Bartow Historic District, National Register of Historic Places
This is one of two historic African Methodist Episcopal congregations near Davisboro. I am unsure of the date, but I believe it’s a fairly early church.
This is an expanded central hallway form, likely added to as the family grew over time. It was a fairly common practice among rural homeowners at one time.
Though I cannot locate a specific history, a state historical survey notes that this rural African-American schoolhouse near Warthen was built and administered by the adjacent Middle Hill Missionary Baptist Church. The survey lists a construction date of 1900, but I believe it may date to circa 1920.
The inward triangular entryway is a fascinating feature.
This historic Christian Methodist Episcopal congregation likely dates to the late 19th century. An architectural survey dates the church building to circa 1915. A cemetery is also located on the property.
Down a short lane from the chapel stands this one-room schoolhouse, typical of church-associated African-American communities in Georgia from the late-19th to the mid-20th century. This structure probably dates from 1910-1930.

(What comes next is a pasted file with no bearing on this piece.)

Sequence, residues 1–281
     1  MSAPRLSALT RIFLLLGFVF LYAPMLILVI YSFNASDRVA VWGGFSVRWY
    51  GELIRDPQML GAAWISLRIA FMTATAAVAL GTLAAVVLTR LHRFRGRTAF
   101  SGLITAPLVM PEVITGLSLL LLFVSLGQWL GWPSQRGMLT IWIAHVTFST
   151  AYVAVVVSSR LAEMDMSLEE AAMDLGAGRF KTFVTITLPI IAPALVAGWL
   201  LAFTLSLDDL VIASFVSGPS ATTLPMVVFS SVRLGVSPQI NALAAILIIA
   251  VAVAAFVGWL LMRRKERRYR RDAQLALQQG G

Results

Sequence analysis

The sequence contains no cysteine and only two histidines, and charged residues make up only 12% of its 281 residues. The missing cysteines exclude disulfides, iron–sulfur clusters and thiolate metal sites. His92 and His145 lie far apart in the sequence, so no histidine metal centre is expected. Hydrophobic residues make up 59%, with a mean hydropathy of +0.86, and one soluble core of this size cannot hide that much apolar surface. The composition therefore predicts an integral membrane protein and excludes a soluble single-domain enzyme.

This farmhouse is an important variation of a common form. It features an angled or corner porch. It’s possible I’ve seen one or two with this form in my years of documenting rural Georgia, but I can’t recall another example at the moment.
Considered one of Georgia’s most iconic houses, the Berrien House was built circa 1791 for Major John Berrien (1759-1815), a hero of the Revolutionary War.
Major Berrien left college in New Jersey to enlist in the American Revolution. Quickly rising through the ranks, he was commissioned Captain of the first Georgia Continental Brigade in 1777, under the command of Lachlan McIntosh. Berrien followed General McIntosh to Washington’s Headquarters and served, at age 18, as Brigadier Major of North Carolina Troops at Valley Forge and Monmouth. Washington is believed to have made his headquarters in Berrien’s ancestral New Jersey home, Rockingham, and may have written his Farewell Orders to the Armies from that location. The Berriens were close personal friends of General Washington. After the war, Berrien returned to Savannah with his family and became very prominent in local affairs. He was Collector of Customs and an alderman and also served as state treasurer at Louisville (1796-1799).
Major Berrien’s son, John Macpherson Berrien (1781-1856), began the practice of law at Louisville in 1799. After service in the War of 1812, Berrien was elected to the Georgia senate and served as a United States senator from 1825-1829. From 1829-1831, he served as Andrew Jackson’s attorney general; from 1845-1852, he again served in the United States senate. Berrien County is named for him.
The home, which was in bad condition for many years, has been exquisitely restored by one of Berrien’s descendants, Andrew Berrien Jones, and is a wonderful example of preservation.
Savannah Historic District, National Historic Landmark